Saunder’s gull (Larus saundersi)

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Saunder's gull walking along mud flat
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Saunder’s gull fact file

Saunder’s gull description

KingdomAnimalia
PhylumChordata
ClassAves
OrderCharadriiformes
FamilyLaridae
GenusLarus (1)

A small gull with a black hood and nape, but only during the breeding season, Saunder’s gull has a white body with pale grey wings and a narrow black tail band. The legs and short bill are black, and the body is squat. Non-breeding birds have a mottled grey hood and nape, and white-tipped wings with black markings on the primaries (2).

Also known as
Chinese black-headed gull.
Size
Length: 33 cm (2)
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Saunder’s gull biology

Recognisable through its specialised feeding behaviour, Saunder’s gull flies over coastal mudflats 10 metres above the ground, searching for prey. On sighting a prey item it dives vertically, landing and pecking at the prey before it has time to enter its burrow. With this technique Saunder’s gull captures crabs and mudskippers, but during the winter it will also feed on fish and worms. It is known to steal prey from other bird species. The webbing on the feet on Saunder’s gull does not cover the whole foot, making this coastal species a poor swimmer. It appears to avoid water altogether, moving up the shore as the tide rises (4).

Saunder’s gull arrives at the breeding grounds in March and breeds from early April to early May. Monogamous pairs build a simple nest and defend their territory, attacking intruders. A clutch of two or three eggs is laid in May and is incubated for 21 to 23 days. Fledglings and adults leave the breeding grounds in October (4).

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Saunder’s gull range

Breeding in eastern mainland China, as well as on the west coast of Korea, Saunder’s gull winters in eastern and southern China, Hong Kong, Macau, Taiwan, western and southern South Korea, southwestern Japan, and Vietnam. Non-breeders are found in North Korea (2).

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Saunder’s gull habitat

It inhabits saltmarshes during the breeding season, nesting on the ground. During the winter it forages on estuarine tidal flats as well as drained aquaculture ponds nearby (2). It is mainly seen on coastlines, but some populations are found around inland wetlands (4).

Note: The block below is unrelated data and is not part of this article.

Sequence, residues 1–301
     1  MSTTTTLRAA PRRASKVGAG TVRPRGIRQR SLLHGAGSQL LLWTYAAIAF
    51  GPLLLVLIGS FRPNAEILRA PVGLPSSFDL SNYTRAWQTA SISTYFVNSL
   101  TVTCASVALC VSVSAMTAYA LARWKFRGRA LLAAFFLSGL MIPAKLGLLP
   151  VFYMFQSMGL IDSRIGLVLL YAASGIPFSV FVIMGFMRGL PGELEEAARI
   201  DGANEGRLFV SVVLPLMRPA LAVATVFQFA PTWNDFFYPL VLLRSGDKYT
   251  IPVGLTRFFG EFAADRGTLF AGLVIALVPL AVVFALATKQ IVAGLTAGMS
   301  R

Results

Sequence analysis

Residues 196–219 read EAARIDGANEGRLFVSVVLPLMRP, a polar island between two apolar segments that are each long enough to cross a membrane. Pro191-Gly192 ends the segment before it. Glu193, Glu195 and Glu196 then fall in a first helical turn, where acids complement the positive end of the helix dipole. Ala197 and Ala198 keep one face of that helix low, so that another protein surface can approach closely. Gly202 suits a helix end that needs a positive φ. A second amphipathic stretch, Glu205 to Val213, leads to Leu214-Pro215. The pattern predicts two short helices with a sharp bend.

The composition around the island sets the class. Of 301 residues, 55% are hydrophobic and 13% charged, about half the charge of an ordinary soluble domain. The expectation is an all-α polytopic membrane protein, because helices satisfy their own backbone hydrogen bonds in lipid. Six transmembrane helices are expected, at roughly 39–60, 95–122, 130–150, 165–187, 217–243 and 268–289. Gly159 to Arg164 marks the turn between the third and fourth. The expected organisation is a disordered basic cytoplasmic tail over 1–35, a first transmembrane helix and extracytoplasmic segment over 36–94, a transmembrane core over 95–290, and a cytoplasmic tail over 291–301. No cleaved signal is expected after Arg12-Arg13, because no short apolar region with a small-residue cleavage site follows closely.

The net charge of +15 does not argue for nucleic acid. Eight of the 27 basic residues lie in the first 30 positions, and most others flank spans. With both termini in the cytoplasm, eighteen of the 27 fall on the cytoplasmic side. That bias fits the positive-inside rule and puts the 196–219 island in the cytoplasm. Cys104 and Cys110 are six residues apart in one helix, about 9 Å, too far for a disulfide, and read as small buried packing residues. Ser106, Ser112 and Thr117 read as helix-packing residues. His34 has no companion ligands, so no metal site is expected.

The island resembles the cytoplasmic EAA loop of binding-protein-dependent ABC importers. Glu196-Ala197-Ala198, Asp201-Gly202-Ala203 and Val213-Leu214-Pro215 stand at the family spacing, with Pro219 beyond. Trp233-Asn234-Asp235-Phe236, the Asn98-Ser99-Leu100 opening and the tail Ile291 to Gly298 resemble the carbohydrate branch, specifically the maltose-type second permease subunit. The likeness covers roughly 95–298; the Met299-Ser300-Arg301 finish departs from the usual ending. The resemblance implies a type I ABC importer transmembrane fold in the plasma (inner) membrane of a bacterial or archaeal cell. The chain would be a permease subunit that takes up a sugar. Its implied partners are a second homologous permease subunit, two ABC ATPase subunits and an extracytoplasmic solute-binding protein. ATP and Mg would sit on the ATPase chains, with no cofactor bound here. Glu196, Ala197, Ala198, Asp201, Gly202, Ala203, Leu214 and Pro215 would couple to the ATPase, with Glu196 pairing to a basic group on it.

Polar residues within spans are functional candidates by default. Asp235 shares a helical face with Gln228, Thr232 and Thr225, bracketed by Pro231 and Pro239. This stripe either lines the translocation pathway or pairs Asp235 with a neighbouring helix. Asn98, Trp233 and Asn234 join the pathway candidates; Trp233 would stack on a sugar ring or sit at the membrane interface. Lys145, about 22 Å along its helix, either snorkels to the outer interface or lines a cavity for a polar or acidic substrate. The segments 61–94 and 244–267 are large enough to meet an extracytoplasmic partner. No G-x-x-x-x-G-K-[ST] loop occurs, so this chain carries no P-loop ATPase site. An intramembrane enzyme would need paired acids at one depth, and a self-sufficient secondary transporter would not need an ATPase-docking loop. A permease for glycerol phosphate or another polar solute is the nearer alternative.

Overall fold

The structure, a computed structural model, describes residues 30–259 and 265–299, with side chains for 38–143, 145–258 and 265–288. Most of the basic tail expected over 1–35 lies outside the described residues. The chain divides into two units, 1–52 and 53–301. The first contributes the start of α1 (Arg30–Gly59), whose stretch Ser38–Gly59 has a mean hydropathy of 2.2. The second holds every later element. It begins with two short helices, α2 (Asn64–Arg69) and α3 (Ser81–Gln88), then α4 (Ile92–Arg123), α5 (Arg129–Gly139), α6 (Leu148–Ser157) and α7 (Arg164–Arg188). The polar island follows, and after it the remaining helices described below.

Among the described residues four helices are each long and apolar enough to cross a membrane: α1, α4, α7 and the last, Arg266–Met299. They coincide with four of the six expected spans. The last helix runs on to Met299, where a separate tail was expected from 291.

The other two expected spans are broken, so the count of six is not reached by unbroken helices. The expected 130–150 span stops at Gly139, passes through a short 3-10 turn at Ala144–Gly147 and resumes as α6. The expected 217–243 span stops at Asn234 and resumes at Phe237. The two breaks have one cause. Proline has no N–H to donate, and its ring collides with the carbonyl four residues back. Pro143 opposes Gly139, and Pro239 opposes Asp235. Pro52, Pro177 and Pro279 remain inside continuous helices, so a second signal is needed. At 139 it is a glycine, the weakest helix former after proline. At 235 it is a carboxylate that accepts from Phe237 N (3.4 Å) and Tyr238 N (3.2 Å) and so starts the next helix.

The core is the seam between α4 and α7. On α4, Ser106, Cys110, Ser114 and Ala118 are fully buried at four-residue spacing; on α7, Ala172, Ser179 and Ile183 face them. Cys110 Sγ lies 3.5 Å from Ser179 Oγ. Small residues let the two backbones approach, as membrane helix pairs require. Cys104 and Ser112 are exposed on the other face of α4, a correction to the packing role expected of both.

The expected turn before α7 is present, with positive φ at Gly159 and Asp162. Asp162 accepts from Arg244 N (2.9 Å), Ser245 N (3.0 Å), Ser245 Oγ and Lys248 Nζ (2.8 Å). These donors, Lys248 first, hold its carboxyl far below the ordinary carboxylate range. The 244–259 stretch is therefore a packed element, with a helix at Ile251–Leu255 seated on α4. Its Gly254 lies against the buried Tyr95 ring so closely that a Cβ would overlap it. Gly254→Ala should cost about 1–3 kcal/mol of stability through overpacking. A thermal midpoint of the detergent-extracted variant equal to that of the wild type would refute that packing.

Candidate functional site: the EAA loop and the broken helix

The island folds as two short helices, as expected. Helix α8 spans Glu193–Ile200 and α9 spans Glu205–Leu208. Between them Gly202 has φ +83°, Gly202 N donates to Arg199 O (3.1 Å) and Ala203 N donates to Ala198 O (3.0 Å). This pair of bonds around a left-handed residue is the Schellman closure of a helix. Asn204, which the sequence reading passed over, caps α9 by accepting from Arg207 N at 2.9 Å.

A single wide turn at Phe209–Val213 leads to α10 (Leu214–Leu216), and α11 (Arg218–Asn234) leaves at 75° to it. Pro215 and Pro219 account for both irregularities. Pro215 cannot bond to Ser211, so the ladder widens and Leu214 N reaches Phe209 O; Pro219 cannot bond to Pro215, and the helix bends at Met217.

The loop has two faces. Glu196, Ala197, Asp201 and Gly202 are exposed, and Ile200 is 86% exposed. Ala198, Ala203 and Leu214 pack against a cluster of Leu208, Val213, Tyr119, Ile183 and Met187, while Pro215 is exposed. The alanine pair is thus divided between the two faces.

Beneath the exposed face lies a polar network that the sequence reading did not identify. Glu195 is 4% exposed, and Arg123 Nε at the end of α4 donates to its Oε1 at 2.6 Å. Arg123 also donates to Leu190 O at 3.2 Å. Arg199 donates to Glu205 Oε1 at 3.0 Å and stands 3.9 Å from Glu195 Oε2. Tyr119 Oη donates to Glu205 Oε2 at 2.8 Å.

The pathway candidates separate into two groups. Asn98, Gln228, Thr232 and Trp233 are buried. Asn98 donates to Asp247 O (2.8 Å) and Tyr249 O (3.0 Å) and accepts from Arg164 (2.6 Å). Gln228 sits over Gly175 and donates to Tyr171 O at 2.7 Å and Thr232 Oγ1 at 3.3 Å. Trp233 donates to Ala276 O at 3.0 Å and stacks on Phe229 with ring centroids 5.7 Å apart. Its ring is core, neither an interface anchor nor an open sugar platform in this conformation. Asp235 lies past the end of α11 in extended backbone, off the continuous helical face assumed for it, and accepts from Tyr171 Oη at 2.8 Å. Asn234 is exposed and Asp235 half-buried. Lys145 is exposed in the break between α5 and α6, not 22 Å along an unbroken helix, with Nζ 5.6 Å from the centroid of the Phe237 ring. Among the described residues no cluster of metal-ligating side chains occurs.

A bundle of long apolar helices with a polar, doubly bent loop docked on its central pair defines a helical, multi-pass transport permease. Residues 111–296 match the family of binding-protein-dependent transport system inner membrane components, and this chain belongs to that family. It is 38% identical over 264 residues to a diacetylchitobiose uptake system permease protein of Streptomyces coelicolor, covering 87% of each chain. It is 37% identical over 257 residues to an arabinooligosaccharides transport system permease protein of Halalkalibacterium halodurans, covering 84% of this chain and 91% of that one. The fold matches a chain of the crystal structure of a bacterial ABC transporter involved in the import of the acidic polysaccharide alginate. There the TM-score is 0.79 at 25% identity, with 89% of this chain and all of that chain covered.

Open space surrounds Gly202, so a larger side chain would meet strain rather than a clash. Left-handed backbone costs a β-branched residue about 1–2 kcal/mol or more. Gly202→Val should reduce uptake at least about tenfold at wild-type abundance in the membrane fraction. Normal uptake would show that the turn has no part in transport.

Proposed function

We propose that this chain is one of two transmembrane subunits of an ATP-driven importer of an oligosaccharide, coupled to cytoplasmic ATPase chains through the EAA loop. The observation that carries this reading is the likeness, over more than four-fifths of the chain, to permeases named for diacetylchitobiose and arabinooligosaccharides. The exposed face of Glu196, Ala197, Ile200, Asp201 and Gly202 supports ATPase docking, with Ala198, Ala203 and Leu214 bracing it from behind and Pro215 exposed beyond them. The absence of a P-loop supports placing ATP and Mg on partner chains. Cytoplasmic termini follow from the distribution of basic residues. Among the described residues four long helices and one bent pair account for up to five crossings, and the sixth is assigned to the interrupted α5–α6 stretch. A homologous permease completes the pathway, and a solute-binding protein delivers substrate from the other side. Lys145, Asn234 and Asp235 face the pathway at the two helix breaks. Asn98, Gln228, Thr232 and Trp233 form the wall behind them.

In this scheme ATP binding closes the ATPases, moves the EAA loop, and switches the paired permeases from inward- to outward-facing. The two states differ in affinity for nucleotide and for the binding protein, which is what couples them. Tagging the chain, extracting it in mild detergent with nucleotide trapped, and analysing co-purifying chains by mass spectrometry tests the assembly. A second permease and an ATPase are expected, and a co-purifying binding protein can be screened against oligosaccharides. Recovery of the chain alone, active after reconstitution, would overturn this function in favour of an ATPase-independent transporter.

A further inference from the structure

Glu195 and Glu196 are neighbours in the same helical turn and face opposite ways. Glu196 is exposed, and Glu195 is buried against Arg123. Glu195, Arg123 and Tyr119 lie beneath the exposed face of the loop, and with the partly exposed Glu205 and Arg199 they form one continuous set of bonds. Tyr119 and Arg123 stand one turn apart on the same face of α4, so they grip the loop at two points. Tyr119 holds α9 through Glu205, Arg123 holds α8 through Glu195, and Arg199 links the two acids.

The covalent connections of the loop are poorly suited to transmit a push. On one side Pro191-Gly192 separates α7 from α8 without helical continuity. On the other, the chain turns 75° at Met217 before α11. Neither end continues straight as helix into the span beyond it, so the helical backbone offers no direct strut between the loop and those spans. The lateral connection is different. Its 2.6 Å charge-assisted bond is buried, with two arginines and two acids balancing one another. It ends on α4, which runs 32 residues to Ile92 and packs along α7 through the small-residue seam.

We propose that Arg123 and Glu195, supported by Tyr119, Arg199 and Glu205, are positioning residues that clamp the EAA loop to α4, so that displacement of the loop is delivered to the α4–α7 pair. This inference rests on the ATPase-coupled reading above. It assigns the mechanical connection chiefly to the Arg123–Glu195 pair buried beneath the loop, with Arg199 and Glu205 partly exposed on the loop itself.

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Saunder’s gull status

Saunder’s gull is classified as Vulnerable (VU) on the IUCN Red List 2007 (1) and is listed on Appendices I and II of the Convention on Migratory Species (CMS or Bonn Convention) (3).

IUCN Red List species status – Vulnerable

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Saunder’s gull threats

The reclamation of tidal flats and saltmarshes along coastlines of China, Taiwan, South Korea and Japan pose a serious threat to this coastal gull species. Already, key breeding sites have been abandoned following construction and development. Two breeding sites in China are heavily disturbed, as they are oilfields with an active extraction industry. Disturbance is a threat at many nest sites, particularly by lugworm collectors in China and photographers in South Korea, as disturbing adults results in increased predation of eggs and chicks (2).

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Saunder’s gull conservation

Currently the key nesting sites in China are nature reserves and three wintering sites are protected areas, although this is poorly enforced. However, an important breeding colony at the Yellow River Delta Nature Reserve in China would benefit enormously from expansion to include further nest sites as well as the feeding sites of breeding birds. Sustainable coastal management plans are crucial for coastal species that are typically threatened by coastal development around the world. Saunder’s gull is not legally protected as yet (2).

View information on this species at the UNEP World Conservation Monitoring Centre.
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Find out more

For further information on the Saunder’s gull see:

  • BirdLife International. (2001) Threatened Birds of Asia: the BirdLife International Red Data Book. BirdLife International, Cambridge, UK.

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Authentication

This information is awaiting authentication by a species expert, and will be updated as soon as possible. If you are able to help please contact: arkive@wildscreen.org.uk
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Glossary

Colony
A group of organisms living together. Individuals in the group are not physiologically connected and may not be related, such as a colony of birds.
Monogamous
Having only one mate during a breeding season, or throughout the breeding life of a pair.
Primaries
In birds, the outer flight feathers.
Territory
Area occupied and defended by an animal, a pair of animals or a colony.
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References

  1. IUCN Red List (May, 2008)
    http://www.iucnredlist.org
  2. BirdLife International (April, 2005)
    http://www.birdlife.org/datazone/search/species_search.html?action=SpcHTMDetails.asp&sid=3243&m=0
  3. Global Register of Migratory Species (May, 2008)
    http://www.groms.de
  4. BirdLife International. (2001) Threatened Birds of Asia: the BirdLife International Red Data Book. BirdLife International, Cambridge, UK.
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Image credit

Saunder's gull walking along mud flat  
Saunder's gull walking along mud flat

© Martin Hale

Martin Hale
tmmh@netvigator.com

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